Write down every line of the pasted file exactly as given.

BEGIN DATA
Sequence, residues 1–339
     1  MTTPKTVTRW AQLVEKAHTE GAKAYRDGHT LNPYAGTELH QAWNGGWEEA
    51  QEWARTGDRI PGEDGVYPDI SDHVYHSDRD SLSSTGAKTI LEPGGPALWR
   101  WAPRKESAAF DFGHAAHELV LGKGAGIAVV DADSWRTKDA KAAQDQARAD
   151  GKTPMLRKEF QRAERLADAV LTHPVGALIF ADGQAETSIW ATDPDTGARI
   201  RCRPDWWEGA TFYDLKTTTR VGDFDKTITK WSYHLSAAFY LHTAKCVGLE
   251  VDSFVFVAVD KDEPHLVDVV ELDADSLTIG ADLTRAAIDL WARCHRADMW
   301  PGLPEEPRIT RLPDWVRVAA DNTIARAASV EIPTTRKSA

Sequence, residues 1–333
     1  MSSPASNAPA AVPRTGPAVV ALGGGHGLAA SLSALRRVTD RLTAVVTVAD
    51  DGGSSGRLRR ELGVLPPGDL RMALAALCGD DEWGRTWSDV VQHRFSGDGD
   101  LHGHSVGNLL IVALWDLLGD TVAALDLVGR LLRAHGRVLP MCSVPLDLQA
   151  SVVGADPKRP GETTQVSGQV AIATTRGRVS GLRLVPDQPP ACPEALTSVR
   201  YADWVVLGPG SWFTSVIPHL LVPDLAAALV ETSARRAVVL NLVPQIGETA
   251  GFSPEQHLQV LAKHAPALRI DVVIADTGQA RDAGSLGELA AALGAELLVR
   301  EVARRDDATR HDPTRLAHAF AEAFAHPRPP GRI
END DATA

Sequence, residues 1–339
     1  MTTPKTVTRW AQLVEKAHTE GAKAYRDGHT LNPYAGTELH QAWNGGWEEA
    51  QEWARTGDRI PGEDGVYPDI SDHVYHSDRD SLSSTGAKTI LEPGGPALWR
   101  WAPRKESAAF DFGHAAHELV LGKGAGIAVV DADSWRTKDA KAAQDQARAD
   151  GKTPMLRKEF QRAERLADAV LTHPVGALIF ADGQAETSIW ATDPDTGARI
   201  RCRPDWWEGA TFYDLKTTTR VGDFDKTITK WSYHLSAAFY LHTAKCVGLE
   251  VDSFVFVAVD KDEPHLVDVV ELDADSLTIG ADLTRAAIDL WARCHRADMW
   301  PGLPEEPRIT RLPDWVRVAA DNTIARAASV EIPTTRKSA

Sequence, residues 1–333
     1  MSSPASNAPA AVPRTGPAVV ALGGGHGLAA SLSALRRVTD RLTAVVTVAD
    51  DGGSSGRLRR ELGVLPPGDL RMALAALCGD DEWGRTWSDV VQHRFSGDGD
   101  LHGHSVGNLL IVALWDLLGD TVAALDLVGR LLRAHGRVLP MCSVPLDLQA
   151  SVVGADPKRP GETTQVSGQV AIATTRGRVS GLRLVPDQPP ACPEALTSVR
   201  YADWVVLGPG SWFTSVIPHL LVPDLAAALV ETSARRAVVL NLVPQIGETA
   251  GFSPEQHLQV LAKHAPALRI DVVIADTGQA RDAGSLGELA AALGAELLVR
   301  EVARRDDATR HDPTRLAHAF AEAFAHPRPP GRI